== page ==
Readability and content analysis of lifestyle education resources for weight management in Australian general practice

Author: 
Nouhad El-Haddad, Catherine Spooner, Nighat Farugi, Elizabeth Denney-Wilson, Mark Harris
Publication type: 
Conference presentation
Program: 
Stream 2 Disadvantaged populations
Year: 
2015

Australian and New Zealand Obesity Society (ANZOS) Annual Scientific Meeting, Melbourne, 16-18 October 2015

A copy of this presentation is available here.

Background

One in five Australian adults have low health literacy. Educational resources for weight management that place less demand on patient’s literacy could provide a way for general practitioners to reinforce verbal information and to promote behaviour change in patients with obesity. This study aimed to assess the readability of resources for weight management and to analyse the content of the resources.

Methods

Twenty-three resources from the waiting room of ten Sydney general practices and two clinical software packages fulfilled the inclusion criteria. Flesch Reading Ease, Flesch-Kincaid Grade Level, Fry Readability Graph, and the Simplified Measure of Gobbledygook were used to calculate the resources’ reading grade level. Resource contents were analysed for dietary, physical activity, and behaviour change elements as recommended by the Clinical practice guidelines for the management of overweight and obesity in adults, adolescents, and children in Australia.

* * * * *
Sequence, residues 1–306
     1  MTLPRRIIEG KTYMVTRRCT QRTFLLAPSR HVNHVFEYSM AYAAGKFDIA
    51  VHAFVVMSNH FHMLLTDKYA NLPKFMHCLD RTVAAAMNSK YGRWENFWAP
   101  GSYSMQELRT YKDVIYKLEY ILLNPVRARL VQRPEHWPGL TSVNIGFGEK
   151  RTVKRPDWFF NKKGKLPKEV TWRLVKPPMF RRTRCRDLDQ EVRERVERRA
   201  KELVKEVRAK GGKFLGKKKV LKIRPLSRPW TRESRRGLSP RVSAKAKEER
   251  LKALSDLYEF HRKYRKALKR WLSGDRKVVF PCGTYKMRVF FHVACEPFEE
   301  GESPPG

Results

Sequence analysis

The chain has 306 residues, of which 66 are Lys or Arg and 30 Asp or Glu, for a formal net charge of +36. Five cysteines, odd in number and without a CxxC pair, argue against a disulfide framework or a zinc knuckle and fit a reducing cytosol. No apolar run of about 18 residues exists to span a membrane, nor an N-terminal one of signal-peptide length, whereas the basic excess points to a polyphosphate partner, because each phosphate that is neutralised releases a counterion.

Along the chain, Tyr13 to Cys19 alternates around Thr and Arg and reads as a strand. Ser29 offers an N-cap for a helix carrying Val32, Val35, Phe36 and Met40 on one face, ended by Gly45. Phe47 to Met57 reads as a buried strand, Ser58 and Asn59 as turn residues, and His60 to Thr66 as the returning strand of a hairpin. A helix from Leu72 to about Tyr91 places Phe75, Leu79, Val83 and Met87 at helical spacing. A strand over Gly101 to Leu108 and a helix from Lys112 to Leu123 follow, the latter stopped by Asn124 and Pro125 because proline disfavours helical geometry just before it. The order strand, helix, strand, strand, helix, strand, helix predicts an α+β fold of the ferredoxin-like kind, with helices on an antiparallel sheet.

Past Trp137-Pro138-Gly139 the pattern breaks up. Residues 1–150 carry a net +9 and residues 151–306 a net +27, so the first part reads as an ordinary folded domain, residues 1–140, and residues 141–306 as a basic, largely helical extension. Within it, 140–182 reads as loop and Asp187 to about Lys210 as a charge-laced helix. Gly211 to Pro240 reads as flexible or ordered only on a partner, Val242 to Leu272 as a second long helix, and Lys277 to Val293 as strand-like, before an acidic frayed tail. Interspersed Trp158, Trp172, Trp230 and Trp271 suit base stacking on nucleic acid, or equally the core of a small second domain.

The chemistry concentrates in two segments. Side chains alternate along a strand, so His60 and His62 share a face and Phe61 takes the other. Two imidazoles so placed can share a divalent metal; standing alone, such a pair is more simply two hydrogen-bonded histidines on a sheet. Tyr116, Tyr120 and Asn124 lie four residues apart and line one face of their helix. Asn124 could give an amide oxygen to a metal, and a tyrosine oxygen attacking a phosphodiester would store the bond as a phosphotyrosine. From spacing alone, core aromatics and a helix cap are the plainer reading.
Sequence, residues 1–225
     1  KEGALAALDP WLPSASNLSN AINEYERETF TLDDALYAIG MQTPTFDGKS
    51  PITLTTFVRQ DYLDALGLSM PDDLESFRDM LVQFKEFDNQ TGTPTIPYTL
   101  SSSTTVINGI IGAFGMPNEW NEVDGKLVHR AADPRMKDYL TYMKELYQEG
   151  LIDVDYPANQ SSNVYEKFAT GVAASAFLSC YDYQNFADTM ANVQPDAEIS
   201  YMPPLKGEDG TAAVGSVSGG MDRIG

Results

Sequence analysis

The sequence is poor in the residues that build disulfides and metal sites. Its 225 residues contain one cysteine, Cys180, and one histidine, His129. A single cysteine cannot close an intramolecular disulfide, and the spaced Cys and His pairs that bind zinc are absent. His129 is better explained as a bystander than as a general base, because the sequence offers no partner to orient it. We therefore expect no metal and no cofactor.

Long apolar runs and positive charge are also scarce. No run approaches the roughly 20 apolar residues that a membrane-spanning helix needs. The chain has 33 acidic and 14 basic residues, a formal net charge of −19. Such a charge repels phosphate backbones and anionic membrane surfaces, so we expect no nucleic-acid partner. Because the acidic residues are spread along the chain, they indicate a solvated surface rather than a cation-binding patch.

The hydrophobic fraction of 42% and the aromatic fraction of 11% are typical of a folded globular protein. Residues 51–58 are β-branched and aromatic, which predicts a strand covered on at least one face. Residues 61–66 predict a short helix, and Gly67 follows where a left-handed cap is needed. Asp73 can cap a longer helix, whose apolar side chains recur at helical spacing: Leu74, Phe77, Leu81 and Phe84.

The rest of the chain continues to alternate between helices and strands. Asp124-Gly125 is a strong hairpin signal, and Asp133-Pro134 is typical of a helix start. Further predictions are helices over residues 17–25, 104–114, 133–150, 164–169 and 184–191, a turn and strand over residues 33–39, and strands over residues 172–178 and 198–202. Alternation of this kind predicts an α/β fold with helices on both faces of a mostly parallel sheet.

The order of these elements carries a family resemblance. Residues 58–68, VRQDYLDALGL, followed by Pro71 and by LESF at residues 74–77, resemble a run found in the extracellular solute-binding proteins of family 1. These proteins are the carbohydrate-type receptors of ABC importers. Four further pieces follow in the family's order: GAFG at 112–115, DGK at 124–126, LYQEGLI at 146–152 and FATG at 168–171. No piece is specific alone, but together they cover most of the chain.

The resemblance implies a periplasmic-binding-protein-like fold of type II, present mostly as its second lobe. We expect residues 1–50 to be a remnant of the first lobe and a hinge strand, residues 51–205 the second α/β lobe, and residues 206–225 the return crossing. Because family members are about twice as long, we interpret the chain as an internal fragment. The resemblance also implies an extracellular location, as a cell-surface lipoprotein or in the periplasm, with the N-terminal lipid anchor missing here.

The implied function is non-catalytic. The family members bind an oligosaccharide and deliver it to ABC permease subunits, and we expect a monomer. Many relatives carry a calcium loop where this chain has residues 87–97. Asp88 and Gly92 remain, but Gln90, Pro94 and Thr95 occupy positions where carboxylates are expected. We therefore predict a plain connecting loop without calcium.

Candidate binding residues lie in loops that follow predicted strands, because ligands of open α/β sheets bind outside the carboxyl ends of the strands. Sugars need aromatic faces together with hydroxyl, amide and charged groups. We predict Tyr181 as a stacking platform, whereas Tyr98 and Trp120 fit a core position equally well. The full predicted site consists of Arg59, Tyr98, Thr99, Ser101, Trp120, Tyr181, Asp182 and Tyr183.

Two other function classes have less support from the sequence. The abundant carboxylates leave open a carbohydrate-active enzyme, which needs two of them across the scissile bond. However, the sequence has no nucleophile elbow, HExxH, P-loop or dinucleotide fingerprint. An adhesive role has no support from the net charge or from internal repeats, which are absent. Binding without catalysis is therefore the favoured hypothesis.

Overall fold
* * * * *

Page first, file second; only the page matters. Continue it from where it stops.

Results

The average reading grade level was for a 10th grader (9.5 ± 1.8). Seventy percent of resources covered dietary and behaviour change elements. Physical activity was covered in half of the resources. Two messages were identified to be inconsistent with the guidelines and three messages had no scientific basis. 

Conclusion

Educational resources for weight management that place less demand on literacy while covering important weight management messages could provide an effective way to emphasise verbal information communicated by the GPs. However, this study suggests that educational resources used in Australian general practice fall short of this. This has implications for general practice accreditation, which requires general practices to provide up-to-date resources of high quality and reliability for patients.